Escherichia Coli_NIAID E Coli BacteriaNothing can ruin a party quite like food poisoning. According to the Centers for Disease Control and Prevention, there are 31 pathogens known to cause food-borne illness.

Every year there are an estimated 48 million cases of illness, 128,000 hospitalizations, and 3,000 deaths in the United States due to food-borne diseases.

Typical symptoms of food-borne illness are vomiting, diarrhea, and cramps which can start hours to days after contaminated food or drinks are consumed.

The symptoms usually are not long-lasting in healthy people—a few hours or a few days—and usually go away without medical treatment.

But food-borne illness can be severe and even life-threatening to anyone, especially those most at risk such as infants and young children, pregnant women, older adults, people with HIV/AIDS, cancer or any condition or medication that weakens the immune system.

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Federal shutdown alarms state health officials

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Photo: James Gathany/CDC

Photo: James Gathany/CDC

By Melissa Maynard
StatelineStaff Writer

This week more than 11,000 U.S. Muslims are expected to join millions of other pilgrims in Mecca for the annual Hajj pilgrimage. When the Americans return home, the Centers for Disease Control and Prevention and state and local health departments will be watching for any sign of the MERS virus that has caused severe acute respiratory illness in 140 people since 2012, killing about half of them.

But because of the shutdown of the federal government, about 9,000 of the CDC’s 15,000 workers have been furloughed. James Blumenstock, chief of public health practice for the Association of State and Territorial Health Officials, said states are concerned that the absence of those workers might slow down identification and response to MERS cases if the virus spreads to the U.S.

Since the shutdown, the CDC’s bi-weekly conference calls with state health officials to share new information about MERS and other emerging global threats have stopped, Blumenstock said. “Since Oct. 1, we have not scheduled one or had the opportunity to talk to anyone about scheduling the next one.”

MERS is just one of many possible public health risks state health officials are worried about handling without the full support of the CDC and other federal agencies. Another big one within U.S. borders is the flu season that began Oct. 1.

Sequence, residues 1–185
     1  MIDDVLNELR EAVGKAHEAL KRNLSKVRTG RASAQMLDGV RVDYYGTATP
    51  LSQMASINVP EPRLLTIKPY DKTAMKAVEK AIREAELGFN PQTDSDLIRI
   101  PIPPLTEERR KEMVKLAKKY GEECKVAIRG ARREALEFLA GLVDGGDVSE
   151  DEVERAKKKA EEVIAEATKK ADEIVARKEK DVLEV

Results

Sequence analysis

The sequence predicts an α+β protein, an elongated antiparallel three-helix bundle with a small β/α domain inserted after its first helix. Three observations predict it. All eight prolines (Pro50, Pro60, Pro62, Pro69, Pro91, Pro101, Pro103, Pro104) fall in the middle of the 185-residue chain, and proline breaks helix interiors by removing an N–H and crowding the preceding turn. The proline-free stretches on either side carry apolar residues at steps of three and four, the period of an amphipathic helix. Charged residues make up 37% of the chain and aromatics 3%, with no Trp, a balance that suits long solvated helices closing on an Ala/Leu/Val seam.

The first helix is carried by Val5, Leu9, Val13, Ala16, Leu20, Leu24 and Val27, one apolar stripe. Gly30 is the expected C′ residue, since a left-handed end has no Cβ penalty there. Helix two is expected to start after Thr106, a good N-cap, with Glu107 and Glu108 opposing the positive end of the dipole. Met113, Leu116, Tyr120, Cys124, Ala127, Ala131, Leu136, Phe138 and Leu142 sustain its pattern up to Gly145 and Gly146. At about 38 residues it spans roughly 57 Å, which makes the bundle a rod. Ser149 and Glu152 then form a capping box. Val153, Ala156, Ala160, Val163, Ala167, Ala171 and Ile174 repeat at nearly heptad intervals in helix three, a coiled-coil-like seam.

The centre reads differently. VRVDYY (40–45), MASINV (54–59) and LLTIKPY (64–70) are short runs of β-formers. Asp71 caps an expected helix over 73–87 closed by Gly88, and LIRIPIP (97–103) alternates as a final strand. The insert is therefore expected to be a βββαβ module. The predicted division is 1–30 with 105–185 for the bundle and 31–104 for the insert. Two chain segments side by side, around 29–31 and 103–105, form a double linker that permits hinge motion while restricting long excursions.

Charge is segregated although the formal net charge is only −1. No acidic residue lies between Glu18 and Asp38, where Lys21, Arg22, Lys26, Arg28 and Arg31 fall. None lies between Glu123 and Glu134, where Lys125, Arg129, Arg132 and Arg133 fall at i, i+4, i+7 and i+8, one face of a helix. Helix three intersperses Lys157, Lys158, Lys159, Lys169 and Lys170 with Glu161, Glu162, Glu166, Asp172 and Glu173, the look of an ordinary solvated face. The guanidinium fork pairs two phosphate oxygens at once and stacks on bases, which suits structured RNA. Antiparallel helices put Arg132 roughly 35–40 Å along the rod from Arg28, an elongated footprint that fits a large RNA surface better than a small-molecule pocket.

In a Wednesday conference call with state health officials from across the country, CDC Director Tom Frieden assured states that the agency would be available to assist in emergency situations, but acknowledged that its response might be slower because of the shutdown.

“We have been told that that if we needed support for a large-scale event, it would require pulling staff back in, and that the response time could be delayed,” said Wendy Braund, Wyoming’s state health officer. “That is a very real concern to us.”

CDC in the States

States rely on the CDC to step in when outbreaks cross state lines and for technical support and lab testing when unusual situations arise. The federal agency also helps fund and staff a range of programs, embedding its own experts in state health agencies to help with a range of programs from immunizations to AIDS prevention. Many of these people have been furloughed.

Also, certain public health functions rely heavily on federal grants, which will become more critical if the shutdown continues. Hawaii State Epidemiologist Sarah Park was handling multiple investigations when she learned that her work may be interrupted because her division gets 90 percent of its money from the federal government.

“Basically, toward the end of last week, it was realized that … the state had only sufficient federal funds drawn down to make the Oct 5th payroll,” she said in an email.

“If the federal shutdown doesn’t resolve soon,” she said, “we could be facing a major crisis whether because staff have to be laid off and/or because we aren’t able to place vaccine orders or have them completed because the federal system is down.”

CDC officials acknowledged the challenges the shutdown has created for its partners at the state level. “We’re actually really concerned about what is happening with the states, and down the road if this continues,” said John O’Connor of the CDC’s National Center for Emerging and Zoonotic Infectious Diseases.

Emergency Response

The CDC can call back employees to respond to emergencies, according to Barbara Reynolds, a CDC crisis communication specialist. For example, the U.S. Department of Agriculture on Monday issued a public health alert for an outbreak of an antibiotic-resistant strain of salmonella linked to chicken produced by Foster Farms in California.

The outbreak has sickened 278 consumers in 17 states. In response, the CDC called back two-thirds of the 30-person team that tracks foodborne illnesses. It has updated its website with details of its ongoing investigation into the outbreak, including a map detailing cases by state.

Still, Reynolds acknowledged it’s not the same as when the CDC is fully functioning. “We have 9,000 people from CDC furloughed, which means 9,000 fewer people to answer the phones and take phone calls from people in state agencies,” she  said. “Some of that collaboration is just gone right now.”

In Oregon, eight salmonella cases have been linked to the outbreak. Katrina Hedberg, the state’s chief epidemiologist and health officer, said the CDC’s national databases connected the salmonella strain to Foster Farms based on evidence from cases in other states. “Looking at our Oregon cases, it wouldn’t be obvious that they were linked,” she said.